The Revolution Will Not be Cinematized

‘Hollywood in Revolt?’ is the question posed by the latest issue of Dissent.  Interesting but, as Kevin Bacon would say, it’s a ‘no-brainer’.

Of course Hollywood is not in revolt.  Established commercial, corporate, and political pressures are as prominent as the sign hammered into its hills.

The American screen entertainment industry reflects Washington’s consensus over US domestic and foreign policies, with occasional sweeping, xenophobic flourishes, as in the North Korean invasion of mainland America in the remake of Red Dawn and the US invasion of Pakistan in GI Joe: Retaliation.

One of the key political pressures is the Department of Defense, which has long altered screenplays in exchange for providing specialist military kit on-set.  This relationship has continued with films like Battle: Los Angeles, Battleship, Captain Phillips, and Zero Dark Thirty and ratcheted up to include major franchises like Man of Steel, Terminator, Transformers, and Iron Man.

Spencer Ackerman, Defense Correspondent for Wired, points to 2012’s Act of Valor, which starred real life Navy Seals, as being a ‘striking example’ of a phenomenon that is ‘so deeply engrained in Hollywood that we barely even notice it exists’.

Not that the Pentagon’s influence is necessary for a film to favour US ‘national security’, as I show in my book and as David Wong explains impeccably with regard to the ‘ugly lessons’ hiding in the superhero genre.

Hollywood, of course, has always been willing to compromise any narrative to anyone with political or commercial influence, including the Nazis throughout the 1930s, and indeed the Chinese government who complained about being depicted as the invaders in the aforementioned Red Dawn (North Korea does not have the clout to enforce a million dollar re-edit).

New evidence, trends, and discoveries support and surpass my thesis.  I always contended that Steven Spielberg’s Munich was far from being an ‘even-handed cry for [Middle Eastern] peace’, as claimed by many commentators, but that was before we knew its director donated $1m to Israel during its 2006 war with Lebanon.

I always argued that Charlie Wilson’s War was a patchwork of self-serving CIA falsehoods but it has since transpired that even the film’s central dramatic twist – that Congressman Charlie Wilson (Tom Hanks) operated as a maverick in raising funds for the Afghan Mujahideen ‘freedom fighters’– was also untrue.  President Ronald Reagan secretly employed him for this task that resulted in the establishment of Osama bin Laden’s al Qaeda network.

Hollywood in genuine revolt would repudiate such narratives and instead generate a significant body of films that actually challenge establishment perspectives.  Such products do occasionally arise, somehow surviving in a hostile environment.  When Hollywood gets it right, the results can be both popular and stunning:  Johnny got his Gun; Bulworth; V for Vendetta.

Russell Brand is a testament to the impotence of celebrity activism in the belly of the beast, as his apparent political convictions have so far led him no further than movies like Arthur and adverts for the HP Touchpad.  Even a comedy film informed by Brand’s well-articulated beliefs on the news-circuit is hard to imagine.  If he commits more fully to the rare path trod by former Hollywood radicals like Charlie Chaplin, Jean Seberg and Jane Fonda he will be subject to government surveillance, smear campaigns and charges of treason.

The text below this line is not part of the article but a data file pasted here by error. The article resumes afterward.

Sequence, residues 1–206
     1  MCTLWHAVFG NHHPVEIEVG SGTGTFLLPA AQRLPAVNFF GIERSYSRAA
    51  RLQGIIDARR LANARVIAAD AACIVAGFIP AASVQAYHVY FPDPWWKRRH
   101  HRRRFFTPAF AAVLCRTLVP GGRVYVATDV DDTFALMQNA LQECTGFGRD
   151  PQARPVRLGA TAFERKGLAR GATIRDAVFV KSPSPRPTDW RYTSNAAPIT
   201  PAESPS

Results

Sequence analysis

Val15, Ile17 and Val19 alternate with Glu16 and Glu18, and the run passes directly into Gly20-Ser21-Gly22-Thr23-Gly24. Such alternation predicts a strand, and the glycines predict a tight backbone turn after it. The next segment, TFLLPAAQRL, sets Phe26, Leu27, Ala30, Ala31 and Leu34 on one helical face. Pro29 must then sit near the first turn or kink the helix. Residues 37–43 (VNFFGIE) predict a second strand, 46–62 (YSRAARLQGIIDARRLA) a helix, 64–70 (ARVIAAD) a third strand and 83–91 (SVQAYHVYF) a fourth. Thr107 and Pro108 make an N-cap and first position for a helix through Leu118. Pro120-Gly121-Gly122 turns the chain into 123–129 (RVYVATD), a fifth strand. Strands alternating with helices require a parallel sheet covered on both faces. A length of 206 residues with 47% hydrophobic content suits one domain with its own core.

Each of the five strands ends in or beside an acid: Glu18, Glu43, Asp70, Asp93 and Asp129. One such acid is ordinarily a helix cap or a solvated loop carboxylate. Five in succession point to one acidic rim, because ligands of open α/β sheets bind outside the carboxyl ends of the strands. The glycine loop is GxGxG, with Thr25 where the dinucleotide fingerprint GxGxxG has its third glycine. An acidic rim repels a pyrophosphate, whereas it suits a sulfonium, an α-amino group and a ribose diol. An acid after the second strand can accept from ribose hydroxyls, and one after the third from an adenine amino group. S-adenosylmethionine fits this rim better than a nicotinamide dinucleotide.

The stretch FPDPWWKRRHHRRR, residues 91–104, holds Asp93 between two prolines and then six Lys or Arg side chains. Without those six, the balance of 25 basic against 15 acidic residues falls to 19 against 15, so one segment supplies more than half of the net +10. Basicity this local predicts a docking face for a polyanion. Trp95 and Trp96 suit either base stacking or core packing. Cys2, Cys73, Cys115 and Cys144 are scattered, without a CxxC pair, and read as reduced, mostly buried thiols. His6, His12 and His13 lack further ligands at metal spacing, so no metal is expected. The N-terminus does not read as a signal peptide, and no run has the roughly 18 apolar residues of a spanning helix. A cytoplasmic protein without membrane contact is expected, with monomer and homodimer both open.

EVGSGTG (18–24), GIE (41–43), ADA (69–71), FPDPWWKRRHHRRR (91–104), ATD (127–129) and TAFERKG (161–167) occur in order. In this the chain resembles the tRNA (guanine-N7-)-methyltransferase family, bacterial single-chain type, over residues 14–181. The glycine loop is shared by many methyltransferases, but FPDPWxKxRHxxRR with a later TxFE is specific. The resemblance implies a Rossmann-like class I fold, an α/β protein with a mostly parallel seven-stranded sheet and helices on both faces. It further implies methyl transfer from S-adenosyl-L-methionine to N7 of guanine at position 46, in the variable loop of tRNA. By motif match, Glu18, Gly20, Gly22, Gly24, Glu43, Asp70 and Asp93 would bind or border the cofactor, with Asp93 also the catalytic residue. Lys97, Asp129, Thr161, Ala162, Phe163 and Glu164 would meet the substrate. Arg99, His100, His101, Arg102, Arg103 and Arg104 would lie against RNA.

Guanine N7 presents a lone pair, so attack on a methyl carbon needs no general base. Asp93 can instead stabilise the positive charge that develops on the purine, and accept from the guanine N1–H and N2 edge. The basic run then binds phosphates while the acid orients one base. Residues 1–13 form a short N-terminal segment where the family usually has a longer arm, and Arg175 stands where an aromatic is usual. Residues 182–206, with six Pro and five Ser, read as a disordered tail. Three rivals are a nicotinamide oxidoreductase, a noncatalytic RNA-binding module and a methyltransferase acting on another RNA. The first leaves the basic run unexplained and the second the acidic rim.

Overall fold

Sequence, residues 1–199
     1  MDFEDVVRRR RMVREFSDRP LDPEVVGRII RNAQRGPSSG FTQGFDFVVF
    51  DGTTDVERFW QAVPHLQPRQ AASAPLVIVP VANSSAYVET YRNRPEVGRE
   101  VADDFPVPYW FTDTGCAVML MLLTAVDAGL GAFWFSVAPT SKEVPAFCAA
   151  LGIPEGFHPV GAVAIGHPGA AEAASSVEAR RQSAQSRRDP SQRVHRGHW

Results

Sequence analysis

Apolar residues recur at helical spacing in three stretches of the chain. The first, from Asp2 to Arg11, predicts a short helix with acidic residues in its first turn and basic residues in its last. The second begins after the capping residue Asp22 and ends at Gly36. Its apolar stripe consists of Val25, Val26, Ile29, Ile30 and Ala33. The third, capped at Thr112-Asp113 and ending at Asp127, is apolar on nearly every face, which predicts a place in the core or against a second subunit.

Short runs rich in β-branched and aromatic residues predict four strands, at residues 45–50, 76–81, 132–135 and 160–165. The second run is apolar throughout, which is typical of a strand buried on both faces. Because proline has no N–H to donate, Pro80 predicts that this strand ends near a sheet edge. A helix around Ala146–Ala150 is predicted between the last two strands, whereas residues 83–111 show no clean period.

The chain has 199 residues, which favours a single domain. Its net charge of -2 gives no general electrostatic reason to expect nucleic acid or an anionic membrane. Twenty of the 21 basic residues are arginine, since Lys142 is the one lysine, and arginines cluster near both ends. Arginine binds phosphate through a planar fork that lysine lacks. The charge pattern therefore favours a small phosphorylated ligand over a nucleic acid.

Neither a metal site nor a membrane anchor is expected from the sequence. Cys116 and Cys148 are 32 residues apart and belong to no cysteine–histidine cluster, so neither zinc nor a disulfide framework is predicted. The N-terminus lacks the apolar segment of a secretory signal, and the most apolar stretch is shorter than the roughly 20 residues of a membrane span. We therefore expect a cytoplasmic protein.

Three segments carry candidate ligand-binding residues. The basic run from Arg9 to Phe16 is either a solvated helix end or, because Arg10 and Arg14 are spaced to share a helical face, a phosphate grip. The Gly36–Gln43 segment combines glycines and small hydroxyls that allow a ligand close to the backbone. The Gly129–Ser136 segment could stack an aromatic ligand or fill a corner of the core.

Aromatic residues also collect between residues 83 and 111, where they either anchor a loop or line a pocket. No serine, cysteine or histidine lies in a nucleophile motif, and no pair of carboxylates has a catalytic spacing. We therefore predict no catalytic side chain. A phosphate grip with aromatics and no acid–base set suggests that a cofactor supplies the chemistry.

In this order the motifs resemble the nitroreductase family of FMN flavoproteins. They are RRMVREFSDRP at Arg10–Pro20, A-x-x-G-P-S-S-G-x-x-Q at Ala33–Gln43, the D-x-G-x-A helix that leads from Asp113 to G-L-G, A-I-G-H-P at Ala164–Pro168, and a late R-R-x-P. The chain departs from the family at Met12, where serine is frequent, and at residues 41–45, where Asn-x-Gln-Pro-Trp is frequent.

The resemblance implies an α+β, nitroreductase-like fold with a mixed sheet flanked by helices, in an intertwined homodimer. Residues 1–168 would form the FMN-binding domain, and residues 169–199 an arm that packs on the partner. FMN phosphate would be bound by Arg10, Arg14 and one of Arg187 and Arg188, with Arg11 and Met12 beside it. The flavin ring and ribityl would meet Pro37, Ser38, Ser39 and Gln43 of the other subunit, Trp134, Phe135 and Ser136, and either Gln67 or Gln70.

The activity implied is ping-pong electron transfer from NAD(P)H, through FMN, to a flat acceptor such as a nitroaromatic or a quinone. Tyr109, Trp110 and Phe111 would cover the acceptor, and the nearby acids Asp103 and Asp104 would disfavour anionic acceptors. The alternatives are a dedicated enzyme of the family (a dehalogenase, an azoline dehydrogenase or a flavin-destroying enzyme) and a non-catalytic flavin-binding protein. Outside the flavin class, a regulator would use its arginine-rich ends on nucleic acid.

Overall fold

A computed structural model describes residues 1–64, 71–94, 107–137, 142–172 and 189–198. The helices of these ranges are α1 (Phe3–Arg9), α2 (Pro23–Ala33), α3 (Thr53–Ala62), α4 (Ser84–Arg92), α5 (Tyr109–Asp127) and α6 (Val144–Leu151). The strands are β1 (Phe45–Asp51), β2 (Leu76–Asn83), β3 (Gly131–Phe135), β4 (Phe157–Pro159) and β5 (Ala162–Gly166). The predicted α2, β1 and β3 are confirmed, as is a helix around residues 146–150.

In the final analysis, of course, no one seriously believes the proposition that Hollywood is in revolt.  The Dissent article itself highlights ‘the idealization of the executive’ in films like Lincoln, The Dictator, and Abraham Lincoln: Vampire Hunter and – arguing against its initial set-up – observes that although audiences ‘are drawn to movies by the promise of the White House’s destruction (White House Down; Olympus Has Fallen), they are also there to see it saved’.  Indeed, through fear-mongering films like World War Z, it explains, Hollywood is taking on ‘the social inevitability of riot and class violence’ but that there is an ‘almost total lack, even within apocalyptic narratives, of non-capitalist worlds that aren’t fascist or a violent, atomized state of nature’.

What is true, and the reason why the Right gets so annoyed about Hollywood liberals, is that filmmakers are shy of undisguised conservatism and nationalism.  So filmmakers love to advertise guns (product placement provides studios with easy money) but consider it progress to show women and minorities firing them.  And they don’t want to make G.I Joe an explicit tool of the US, so they are an American-led international force.

Hollywood has no obligation to make political films that suit me, or anybody else.  It’s surely imperative though that it stop sending messages that favour a repressive state and corporate apparatus – especially when they are dishonest or government-backed – just as it has long been obliged to stop sending explicitly racist or sexist messages (I know, I know – it still happens).  It’s the least we should expect… but it’s nowhere near what we get.

Matthew Alford MPhil[B], PhD is a Teaching Fellow at the University of Bath. His research focuses on the relationship between entertainment, political power, and propaganda in the United States.

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